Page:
As an educator, you often struggle to get families more involved in their children's education, whether it is helping in the classroom, increasing attendance at school functions, or attending parent-teacher conferences. But is that type of sporadic involvement the same as practicing family engagement?
Family Engagement is Much More than Family Involvement
The pandemic—with its social isolation, stress, and rampant mental health issues—damaged the connections between parents, students, schools, and community agencies. The school fabric was inevitably torn, negatively affecting students' academic progress, social-emotional health, and disruptive behaviors.
Now that classroom learning is back, it's the ideal time to repair the school fabric and make it more resilient than before by integrating families more fully into the educational circle. This is the focus of family engagement, which seeks to move the needle from typical family involvement to full engagement to improve academic achievement, participation, and social-emotional growth.
The family engagement model asserts that supporting student success is the shared responsibility of families, schools, and communities. Advocates say that not only is family engagement important to student learning and development, but it is essential.
Benefits and Challenges of Family Engagement
There is no shortage of the benefits of family engagement. Research from the National Education Association indicates that parent involvement improves academic achievement, regular school attendance, work habits, graduation rates, social skills and behaviors in school, and continuing to higher education. Family engagement makes it more likely that children and adolescents will avoid unhealthy behaviors, such as violence and substance use.
We can agree on the fact that these are worthwhile goals. The problem is that it's hard enough to get parents to attend school functions and parent-teacher conferences, no less asking them to engage at a much deep level. Common obstacles include busy work schedules, not knowing about opportunities, having trouble getting child care, or feeling they don't belong—especially with disadvantaged and marginalized populations.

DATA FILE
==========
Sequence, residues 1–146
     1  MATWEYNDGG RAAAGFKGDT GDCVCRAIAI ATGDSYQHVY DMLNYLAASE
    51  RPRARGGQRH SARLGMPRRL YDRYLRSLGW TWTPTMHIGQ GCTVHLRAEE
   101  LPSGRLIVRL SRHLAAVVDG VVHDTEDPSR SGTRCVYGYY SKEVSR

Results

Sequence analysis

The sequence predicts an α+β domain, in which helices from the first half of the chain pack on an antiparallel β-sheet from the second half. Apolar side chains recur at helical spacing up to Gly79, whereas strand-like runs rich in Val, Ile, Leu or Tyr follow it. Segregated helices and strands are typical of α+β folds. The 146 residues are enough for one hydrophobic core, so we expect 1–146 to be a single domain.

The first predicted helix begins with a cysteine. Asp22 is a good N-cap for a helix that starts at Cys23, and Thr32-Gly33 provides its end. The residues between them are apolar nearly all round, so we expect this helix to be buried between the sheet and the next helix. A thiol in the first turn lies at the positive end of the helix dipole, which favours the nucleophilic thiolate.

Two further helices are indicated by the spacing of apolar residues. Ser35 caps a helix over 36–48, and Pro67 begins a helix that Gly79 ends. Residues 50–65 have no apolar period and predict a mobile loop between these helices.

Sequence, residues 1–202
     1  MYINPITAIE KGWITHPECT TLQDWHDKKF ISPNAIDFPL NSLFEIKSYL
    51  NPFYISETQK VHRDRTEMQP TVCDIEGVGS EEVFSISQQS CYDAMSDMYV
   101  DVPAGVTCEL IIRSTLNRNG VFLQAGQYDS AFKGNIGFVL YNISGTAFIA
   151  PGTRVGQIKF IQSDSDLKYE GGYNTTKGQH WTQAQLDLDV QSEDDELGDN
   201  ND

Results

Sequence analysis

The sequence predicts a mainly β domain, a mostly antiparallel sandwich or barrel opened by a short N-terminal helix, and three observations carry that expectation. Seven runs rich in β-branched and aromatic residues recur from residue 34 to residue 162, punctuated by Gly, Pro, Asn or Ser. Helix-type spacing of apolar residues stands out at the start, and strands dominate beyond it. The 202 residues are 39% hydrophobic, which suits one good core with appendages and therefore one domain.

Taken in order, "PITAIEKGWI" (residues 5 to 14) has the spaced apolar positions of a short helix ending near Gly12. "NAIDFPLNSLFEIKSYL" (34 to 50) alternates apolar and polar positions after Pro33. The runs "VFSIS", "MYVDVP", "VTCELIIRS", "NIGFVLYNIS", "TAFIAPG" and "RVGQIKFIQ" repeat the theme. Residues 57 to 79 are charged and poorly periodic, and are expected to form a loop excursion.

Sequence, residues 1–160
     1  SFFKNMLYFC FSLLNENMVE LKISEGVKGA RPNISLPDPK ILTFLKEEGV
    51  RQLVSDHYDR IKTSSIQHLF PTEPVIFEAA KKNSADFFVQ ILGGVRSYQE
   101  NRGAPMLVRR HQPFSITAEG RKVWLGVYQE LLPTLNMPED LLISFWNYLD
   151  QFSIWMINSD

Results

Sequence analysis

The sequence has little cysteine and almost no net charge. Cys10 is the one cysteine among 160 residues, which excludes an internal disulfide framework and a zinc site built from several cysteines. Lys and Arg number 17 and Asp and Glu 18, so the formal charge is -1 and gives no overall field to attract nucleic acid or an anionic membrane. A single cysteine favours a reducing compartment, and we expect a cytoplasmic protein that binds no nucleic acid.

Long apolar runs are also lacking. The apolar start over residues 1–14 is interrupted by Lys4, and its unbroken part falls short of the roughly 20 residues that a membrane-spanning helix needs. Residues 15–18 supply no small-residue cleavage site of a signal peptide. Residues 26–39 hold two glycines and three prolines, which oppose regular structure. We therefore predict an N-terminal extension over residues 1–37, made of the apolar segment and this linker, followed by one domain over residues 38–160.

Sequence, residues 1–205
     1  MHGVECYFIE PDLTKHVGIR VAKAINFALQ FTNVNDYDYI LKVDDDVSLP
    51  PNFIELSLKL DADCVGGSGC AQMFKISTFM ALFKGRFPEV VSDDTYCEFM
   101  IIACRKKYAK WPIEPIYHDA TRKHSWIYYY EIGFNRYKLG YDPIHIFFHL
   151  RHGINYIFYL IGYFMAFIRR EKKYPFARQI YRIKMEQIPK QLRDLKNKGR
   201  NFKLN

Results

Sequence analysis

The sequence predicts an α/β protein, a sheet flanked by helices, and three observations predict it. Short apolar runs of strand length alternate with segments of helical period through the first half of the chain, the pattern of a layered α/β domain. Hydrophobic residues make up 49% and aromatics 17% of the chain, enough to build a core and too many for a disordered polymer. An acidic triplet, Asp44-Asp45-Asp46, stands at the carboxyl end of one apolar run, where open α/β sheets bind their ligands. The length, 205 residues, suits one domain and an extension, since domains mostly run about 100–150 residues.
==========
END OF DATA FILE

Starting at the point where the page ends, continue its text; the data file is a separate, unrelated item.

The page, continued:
How Can Schools Adopt Family Engagement Strategies?
Schools can overcome the challenges to family engagement, but it takes persistence and a well-defined plan to develop and implement policies and strategies.
The first step is providing education about the concept and getting buy-in from all groups. Developing the larger program requires a multi-faceted approach that includes skill building, sharing knowledge, and gaining district commitment.
As family engagement is introduced, it may also shift parent-child dynamics, causing friction. To ease the process, the school may want to educate parents about restorative practices, a non-punitive disciplinary approach to dispute resolution that strengthens relationships, builds collaboration, and creates a trusting community.
Once the foundation is laid, schools must develop ways to sustain and strengthen the parent-child-school partnerships that represent family engagement.
What Does Family Engagement Look Like?
There is no one-size-fits-all approach to family engagement, but it is crucial to have a systematic method that ensures families have a voice in their child's educational experience. They should never be passive bystanders.
As schools develop solutions, they must provide flexible options that meet the needs of a variety of caregiver situations, socioeconomic strata, and cultural differences. Broadly speaking, we can invite them to share priorities, concerns, and feedback—bringing them into the decision-making process. Finally, explore tools to create a meaningful two-way dialog between the school and caregivers.
Family Engagement is Proactive
Family engagement doesn't happen by itself, even with schools that already have strong parent involvement in the traditional sense. It takes consistent effort to build rapport, mutual respect, and pathways to strengthening communication, skills, knowledge, and shared decision-making. If your district is looking for ways to remove barriers to learning and engage families and the community in student wellness solutions, talk to us about STOPit's safety and wellness solutions.